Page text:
After Assange, Ecuador’s Lenin Moreno escalates persecution of critics and perceived foes

The US-backed, neoliberal Ecuadorian leader is persecuting Swedish software developer Ola Bini for his political sympathies, censoring critical media, and jailing progressive leadership in a sweeping crackdown.

By Denis Rogatyuk

The arrest, sentencing and the plans for the extradition of Julian Assange from the United Kingdom to the United States continue to provoke waves of condemnation from all around the world, along with disgust at the government of Ecuadorian President Lenin Moreno and its increasing subordination to the US.

This was the first time in living memory of many that a government allowed a foreign law enforcement agency to enter its sovereign territory – the Ecuadorian embassy in London – and take into its custody a publisher of journalism, whose status as a refugee had been recognized internationally by the United Nations, the Inter-American Commission on Human Rights, Amnesty International and other international organizations.

As confirmed by a number of investigative articles and publications, this act of political cynicism was motivated by the acquisition of $4.2 billion in IMF loans, as well as the revelations published by Wikileaks of secret offshore bank accounts in Panama operated by Moreno’s family members, known widely as the “INA Papers scandal”.

However, the persecution of Assange is part of a much wider campaign of repression against free speech and persecution of political opponents by an increasingly unpopular and desperate Moreno government.

The political persecution of Ola Bini

Ola Bini, the Swedish software developer, internet activist and a long-time advocate for internet privacy, was arrested and held in detention for almost 30 hours without a hearing on April 11th in Quito, Ecuador. He was accused of collaborating with Julian Assange and attempts at illegal computer hacking. Once the hearing commenced, no official charges against Bini were presented, with the legal authorities instead asking for 90-day pre-trial detention.

Along with the absurd allegations that he collaborated together with yet-to-be-named “Russian hackers” inside the country, the only pieces of evidence presented against Bini were his personal friendship with Assange, his visits to the Ecuadorian embassy in London and his public support for the work of Wikileaks’ exposure of war crimes and government corruption around the world. The local court of Pichincha’s decision of May 2nd to deny Bini an appeal and return him to El Inca Detention Centre was allegedly based on Bini’s possession of books on privacy rights and hacktivism, as well the apparent fear that he would flee the country. In other words, Bini was being prosecuted entirely on the basis of his political sympathies.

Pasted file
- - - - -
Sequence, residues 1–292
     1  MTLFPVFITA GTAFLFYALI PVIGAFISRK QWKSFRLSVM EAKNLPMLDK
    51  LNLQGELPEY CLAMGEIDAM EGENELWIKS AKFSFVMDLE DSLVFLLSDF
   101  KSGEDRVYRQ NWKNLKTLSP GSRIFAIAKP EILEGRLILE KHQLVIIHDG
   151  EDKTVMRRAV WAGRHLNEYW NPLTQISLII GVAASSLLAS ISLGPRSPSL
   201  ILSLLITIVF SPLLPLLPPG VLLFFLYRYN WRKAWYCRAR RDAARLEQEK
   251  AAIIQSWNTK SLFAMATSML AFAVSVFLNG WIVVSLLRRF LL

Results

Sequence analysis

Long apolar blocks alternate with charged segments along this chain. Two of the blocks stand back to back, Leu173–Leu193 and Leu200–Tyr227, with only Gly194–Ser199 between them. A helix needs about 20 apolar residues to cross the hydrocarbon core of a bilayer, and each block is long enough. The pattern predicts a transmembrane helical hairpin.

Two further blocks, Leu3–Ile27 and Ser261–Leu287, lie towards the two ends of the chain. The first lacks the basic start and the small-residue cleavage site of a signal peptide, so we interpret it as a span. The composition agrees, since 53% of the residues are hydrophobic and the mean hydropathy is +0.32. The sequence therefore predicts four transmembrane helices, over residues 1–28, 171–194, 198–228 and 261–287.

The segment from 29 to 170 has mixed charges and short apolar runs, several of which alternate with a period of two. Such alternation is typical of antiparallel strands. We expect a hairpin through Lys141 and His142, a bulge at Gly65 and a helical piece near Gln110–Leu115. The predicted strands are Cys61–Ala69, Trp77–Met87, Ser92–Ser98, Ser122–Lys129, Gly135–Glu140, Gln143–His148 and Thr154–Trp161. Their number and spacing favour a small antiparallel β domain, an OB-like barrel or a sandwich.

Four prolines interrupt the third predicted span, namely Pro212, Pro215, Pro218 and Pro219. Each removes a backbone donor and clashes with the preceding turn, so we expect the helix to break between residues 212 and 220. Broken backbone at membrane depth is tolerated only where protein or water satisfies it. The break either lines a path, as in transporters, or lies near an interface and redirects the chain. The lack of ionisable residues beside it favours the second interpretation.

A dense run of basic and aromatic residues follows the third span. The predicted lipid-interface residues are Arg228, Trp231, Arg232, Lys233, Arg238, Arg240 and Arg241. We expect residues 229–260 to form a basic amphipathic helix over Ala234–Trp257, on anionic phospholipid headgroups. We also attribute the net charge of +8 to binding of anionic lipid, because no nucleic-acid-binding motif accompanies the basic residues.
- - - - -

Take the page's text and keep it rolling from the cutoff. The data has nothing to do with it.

Bini’s legal team and a number of prominent political figures around the world consider the Swedish national to be a political prisoner of the Moreno government. They insist that his prosecution was a public relations ploy to further criminalize Julian Assange and silence any evidence of Moreno’s corrupt personal dealings.

In a letter published on May 6th, Bini detailed his experiences in Ecuadorian penitentiary detention, describing it as a “maddening mixture of long stretches of isolation and boredom interspersed with random threats and acts of violence.” Despite his ordeal, he does not feel any grudge towards Ecuador or its people, insisting instead that he “has his life here and, if he was allowed to, he would continue to live it there.”

Moreno’s assault on critical media

Moreno’s disregard for human rights and the freedom of speech have manifested into a widening campaign to censor radio stations, news portals and websites publishing information critical of his government. He has taken strong measures to suppress coverage of the “INA Papers” scandal and illegal funding received from the Chinese construction company, Sinodyro.